The Importance of Cash and Cash Management
Management of cash is the primary concern of most entrepreneurs when they start a business. How will they ensure they collect funds in time to pay their bills? Cash management is also a key concern for most households. For example, I may know that I make enough money to pay all my bills, but if the timing of when the cash hits my bank versus when my bills are due isn't in sync, I run the risk of penalties or worse.
Reasons for Maintaining Cash on Hand
The main reason a business maintains cash on hand is to meet financial obligations.
- Explain the importance for always having cash on hand
- Liquidity is the ability to meet obligations when they come due without incurring unacceptable losses.
- Banks can generally maintain as much liquidity as desired, because bank deposits are insured by governments in most developed countries.
- Banks can attract significant liquid funds to generate stronger profits, more stability, and more confidence among depositors, investors, and regulators.
- Cash is the most liquid asset and can be used immediately to perform economic actions like buying, selling, or paying debt, and meeting immediate wants and needs.
- Bank can attract significant liquid funds to generate stronger
profits, more stability, and more confidence among depositors,
investors, and regulators.
- money market: A market for trading short-term debt instruments, such as treasury bills, commercial paper, bankers' acceptances, and certificates of deposit
- liquidity: Availability of cash over short term: ability to service short-term debt.
In business, economics, or investment, market liquidity is an asset's ability to be sold without causing a significant movement in the price and with minimum loss of value. Money, or cash, is the most liquid asset, and can be used immediately to perform economic actions like buying, selling, paying debt, and meeting immediate wants and needs.
In bookkeeping and accounting, cash refers to current assets comprising currency or currency equivalents that can be accessed immediately or near immediately (as in the case of money market accounts). Cash is seen as a reserve for payments and as a way to meet financial obligations.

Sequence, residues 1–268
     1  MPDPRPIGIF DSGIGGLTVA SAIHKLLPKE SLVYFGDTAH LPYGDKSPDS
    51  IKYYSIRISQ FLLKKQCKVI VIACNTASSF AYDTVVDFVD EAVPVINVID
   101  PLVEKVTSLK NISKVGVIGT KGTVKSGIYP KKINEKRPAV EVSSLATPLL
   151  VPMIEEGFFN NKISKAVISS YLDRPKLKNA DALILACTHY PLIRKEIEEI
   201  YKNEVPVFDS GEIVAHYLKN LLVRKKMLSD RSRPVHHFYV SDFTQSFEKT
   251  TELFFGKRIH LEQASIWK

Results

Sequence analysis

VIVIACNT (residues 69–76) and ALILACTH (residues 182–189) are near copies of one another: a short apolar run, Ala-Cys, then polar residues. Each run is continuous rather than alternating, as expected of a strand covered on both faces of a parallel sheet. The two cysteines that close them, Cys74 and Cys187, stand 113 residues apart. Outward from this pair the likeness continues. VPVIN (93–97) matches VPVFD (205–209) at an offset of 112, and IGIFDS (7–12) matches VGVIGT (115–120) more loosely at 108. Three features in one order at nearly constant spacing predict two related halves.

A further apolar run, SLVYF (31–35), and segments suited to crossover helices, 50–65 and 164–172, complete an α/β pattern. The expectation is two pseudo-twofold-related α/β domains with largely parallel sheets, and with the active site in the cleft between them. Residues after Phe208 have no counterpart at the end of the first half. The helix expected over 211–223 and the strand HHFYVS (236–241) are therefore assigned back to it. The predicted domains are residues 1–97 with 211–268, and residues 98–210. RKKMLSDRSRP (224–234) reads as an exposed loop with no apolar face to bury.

Cash: A business's cash account is how much currency it has on hand at a given time.
In banking, liquidity is the ability to meet obligations when they come
due without incurring unacceptable losses. Managing liquidity is a daily
process requiring bankers to monitor and project cash flows to ensure
adequate liquidity is maintained. Maintaining a balance between
short-term assets and short-term liabilities is critical. For an
individual bank, clients' deposits are its primary liabilities (in the
sense that the bank is meant to give back all client deposits on
demand), whereas reserves and loans are its primary assets (in the sense
that these loans are owed to the bank, not by the bank). The investment
portfolio represents a smaller portion of assets, and serves as the
primary source of liquidity. Investment securities can be liquidated to
satisfy deposit withdrawals and increased loan demand. Banks have
several additional options for generating liquidity, such as selling
loans, borrowing from other banks, borrowing from a central bank, such
as the U.S. Federal Reserve Bank, and raising additional capital. In a
worst case scenario, depositors may demand their funds when the bank is
unable to generate adequate cash without incurring substantial financial
losses. In severe cases, this may result in a bank run. Most banks are
subject to legally mandated requirements intended to help banks avoid a
Source: Boundless, https://courses.lumenlearning.com/boundless-finance/chapter/the-importance-of-cash/
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